This royal throne of kings, this sceptred isle, This earth of majesty, this seat of Mars, This other Eden, demi-paradise, This fortress built by Nature for herself Against infection and the hand of war, This happy breed of men, this little world, This precious stone set in the silver sea, Which serves it in the office of a wall Or as a moat defensive to a house, Against the envy of less happier lands,-- This blessed plot, this earth, this realm, this England. ~~William Shakespeare, Richard III

Tuesday, September 7, 2010

Book Review: The King's Mistress

The King's Mistress, Emma Campion
3 roses

I had been eying this one for a while, waiting for it to be released in the US. Once I finally got a copy I dove right in, eager to read about this enigma of a woman. While the novel was well written and fairly interesting, I wasn't overly impressed with it. For me, there just seemed to be something missing.

Alice Perrers was a tradesman's daughter and married a tradesman. However, after only a couple of years of wedded bliss, Alice's world is turned upside down when her husband disappears and she is forced to live at the court of Edward III as a handmaiden to Queen Philippa. She catches the king's eye and ends up in his bed and from that moment on she is a target for the royal family and commoners. After the king dies and she looses his protection, Alice must struggle to regain her life.

The novel had great potential. The catalyst that drives the action early in the story is the fact that Alice's husband and his family have a secret agreement with the king's mother, Isabella, and are being pursued by someone who wants their information. There really is a mystery here and I feel if this story line had persisted the novel would have been much better. However, that mystery soon gets lost in the world of silks and dresses and fashion once Alice is forced to Court. We never find out who "they" are (the people that are after the Perrers family) and it is really frustrating not to have a conclusion to that mystery. To be honest, that really was the only interesting thing throughout the story. While the author has obviously made a very good attempt to redefine Alice, to me the story was just ... boring. In history Alice has been portrayed as nothing but a harlot and a scheming gold-digger and Campion has attempted to give her story new life. She was apparently reviled in her own time and the author has tried to rehabilitate that reputation but the product of her labor is really a weak, very naive, almost goody-goody Alice who seems only concerned with fabrics. While I am doubtful that the real Alice was as horrible as history has portrayed her (history is, after all, written by the powerful and the powerful at this time hated her) I do not think she was as goody-goody as she comes across here. I think that is probably my biggest beef with the novel - the protagonist is not all that believable, thus making her hard to like and follow. The line that seems to drive Campion's narrative is Alice's "When had I a choice to be other than I was?" I can see the author's attempt to show the reader that perhaps Alice had no choice in what happened to her (which is entirely possible; royal ladies rarely had much say in their own lives and a commoner would have even less) but it really didn't come across as all that believable. I think it would have worked better for me if she wasn't constantly saying, after asking and receiving good, sound advice from various people, that she would take their advice to heart but then never attempting to change and just saying "well, I have no choice!" As the novel headed towards it conclusion and Alice was forced into an undesirable marriage and attempted to regain her property, I could feel some sympathy for her. She really was dealt a bad hand and was powerless to receive justice and you could almost feel the helplessness of her situation.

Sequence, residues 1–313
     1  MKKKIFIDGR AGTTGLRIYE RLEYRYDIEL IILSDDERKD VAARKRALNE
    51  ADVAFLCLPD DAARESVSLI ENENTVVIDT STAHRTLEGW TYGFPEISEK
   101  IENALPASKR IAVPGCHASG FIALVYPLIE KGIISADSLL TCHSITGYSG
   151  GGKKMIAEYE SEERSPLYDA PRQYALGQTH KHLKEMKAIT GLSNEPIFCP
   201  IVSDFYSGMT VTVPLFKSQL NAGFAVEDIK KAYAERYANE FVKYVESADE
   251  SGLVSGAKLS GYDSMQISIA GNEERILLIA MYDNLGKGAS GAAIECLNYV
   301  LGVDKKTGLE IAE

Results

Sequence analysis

All in all the story was not badly written and it had great potential. The other characters in the book really did not grab my attention or make me care what happened to them; they just seemed to be there in order to move the story along. The relationship between Alice and Edward wasn't all that interesting either which was a disappointment. The descriptions of fabrics and fashions of the time were amazing and obviously well researched but they seemed to take up way too much space in the story. I thought this story did do a wonderful job of showing how a person's reputation can be completely twisted by history one way or another and how a commoner really was at the mercy of the royal family. I am certainly not sorry I read this book as it showed me that Alice might not have been the gold-digger she has always appeared to be but I thought the author could have done much more with certain aspects of the story. I think most readers will not have a problem with it but those who crave a bit more substance to a plot might come away disappointed.


  1. I'm not sorry i read it was ok, but WAY too long and hardly my favourite book of the year. Like you though, I'm glad to have read a different version of what she might have been like (as opposed to how history generally portrays her). Thanks for the review:)

  2. I agree - too much fashion, not enough plot. I've got Vanora Bennett's The People's Queen on my TBR pile, which is also about Alice, so it'll be interesting to compare and contrast.